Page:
[Coral-List] Distructive fishing practices in the Caribbean--long

Amanda_Bourque at nps.gov Amanda_Bourque at nps.gov
Fri Apr 30 10:50:37 EDT 2004

Let us not fail to acknowledge the crippling social and environmental
legacy of colonialism that leads to lack of education and opportunity in
most Caribbean nations.  Environmental managers cannot possibly implement
effective conservation policies without sweeping economic and social
changes.  It is difficult for people in the grip of "grinding poverty" to
worry about environmental issues - survival usually tops the list.

Amanda Bourque
Biscayne National Park
9700 SW 328 Street
Homestead, FL  33033
305-230-1144 x3013 phone
305-230-1190 fax
amanda_bourque at nps.gov

|         |           Melissa Keyes              |
|         |           <mekvinga at yahoo.com>       |
|         |           Sent by:                   |
|         |           coral-list-bounces at coral.ao|
|         |           ml.noaa.gov                |
|         |                                      |
|         |                                      |
|         |           04/29/2004 03:00 PM MST    |
  |                                                                                                                              |
  |       To:       Coral-List at coral.aoml.noaa.gov                                                                               |
  |       cc:       (bcc: Amanda Bourque/BISC/NPS)                                                                               |
  |       Subject:  [Coral-List] Distructive fishing practices in the Caribbean--long                                            |

Dear Dr Dunbar, and fellow Listers,

Non-Jamaica comments.  Jamaica is so desperately poor that the surrounding
sea is probably doomed.

I have lived in the Caribbean, and worked in the scuba industry since 1988.
In St. Croix, my home, I've worked at dive shops, filling scuba tanks for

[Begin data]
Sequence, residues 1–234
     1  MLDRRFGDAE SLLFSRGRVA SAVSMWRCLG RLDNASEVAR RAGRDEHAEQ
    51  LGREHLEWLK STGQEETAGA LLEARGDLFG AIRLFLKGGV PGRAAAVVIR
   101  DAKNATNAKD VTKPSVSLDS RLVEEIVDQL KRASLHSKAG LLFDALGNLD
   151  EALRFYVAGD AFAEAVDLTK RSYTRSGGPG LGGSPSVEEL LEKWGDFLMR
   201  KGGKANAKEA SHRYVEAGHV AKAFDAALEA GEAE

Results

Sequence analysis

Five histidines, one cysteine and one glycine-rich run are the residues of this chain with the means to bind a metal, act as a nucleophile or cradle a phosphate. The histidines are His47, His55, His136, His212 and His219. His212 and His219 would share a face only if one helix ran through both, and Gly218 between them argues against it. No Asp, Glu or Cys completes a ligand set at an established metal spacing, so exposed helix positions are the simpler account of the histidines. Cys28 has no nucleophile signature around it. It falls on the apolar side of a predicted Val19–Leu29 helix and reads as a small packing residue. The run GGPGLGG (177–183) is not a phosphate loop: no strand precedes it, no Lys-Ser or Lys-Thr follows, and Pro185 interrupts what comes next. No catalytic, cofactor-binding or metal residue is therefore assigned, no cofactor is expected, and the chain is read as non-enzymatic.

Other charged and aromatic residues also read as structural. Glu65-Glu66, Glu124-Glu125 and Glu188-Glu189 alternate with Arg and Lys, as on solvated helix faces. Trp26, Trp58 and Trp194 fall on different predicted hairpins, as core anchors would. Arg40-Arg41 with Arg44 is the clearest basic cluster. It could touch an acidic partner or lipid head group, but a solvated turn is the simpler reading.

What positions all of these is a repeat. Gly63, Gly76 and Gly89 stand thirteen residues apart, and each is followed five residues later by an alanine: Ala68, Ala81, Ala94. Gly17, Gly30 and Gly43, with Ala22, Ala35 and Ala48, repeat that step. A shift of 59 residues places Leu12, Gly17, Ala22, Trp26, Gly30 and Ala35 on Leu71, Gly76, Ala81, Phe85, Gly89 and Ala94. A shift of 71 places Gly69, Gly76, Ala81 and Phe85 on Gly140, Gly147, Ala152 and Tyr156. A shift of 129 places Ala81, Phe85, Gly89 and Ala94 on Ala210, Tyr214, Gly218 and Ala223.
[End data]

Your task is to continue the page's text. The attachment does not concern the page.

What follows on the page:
the fishermen.  While not approving of their lifestyle, I would pretend to
be approving, and ask questions about their practices.

One fellow bragged about how many three foot "Midnight Parrotfish" he'd
shot on the Salt River West Wall.  Another was laughing about the 300+
pound catches of reef fish they would get in the Buck Island Park (National
Monument), before nine in the morning, when the Park people might show up.

The Department of Parks and Recreation people here in the USVI are
underfunded, under staffed, and over worked.

I spend  six months each year, hurricane season, on my boat moored in
Bonaire, in what is a park.  I went to a Marine Protected area there to
help with a supervised coral/ fish survey.  The lady conducting the program
said, "There are NO fish."  I couldn't comprehend, until my buddy and I,
finished our task of placing the survey measuring tape, burned the
remaining air in our tanks going down to 120 feet of depth.  The coral was
pristine and beautiful, but the lady was right, there were NO fish.  Zero
grunts, coneys, or any fish , umm, spearable sized.  At 120 feet or so
depth, I did see a large "Tiger Grouper"  much deeper, running away as fast
as he/she could swim.

There are never any commercial boatloads of recreational divers in the
area.  Perhaps their park people are as over worked and underfunded as all
the others worldwide.

On Bonaire, the 'traditional' fishermen in their little boats are
restricted from using anchors of any type.  They are allowed to use heavy
cotton string tied to a big rock for an anchor.  Their smashing damage is
obvious to a sharp eye on nearly every dive, I very sad to say.  And,
occasionally, the string is all tangled in the reef.  I already have been
chastised for reporting what I see there.

In the British Virgin Islands, there is an open season on sea turtles!  You
can go to an Island restaurant and eat turtle, as you can in the Bahamas!
I know they're not coral, and perhaps shouldn't be mentioned here.

I have no desire to ever visit Jamaica, sorry.  The "grinding poverty"
there has upset cruising friends who did visit.


Melissa E. Keyes,
s/v Vinga, Caribbean

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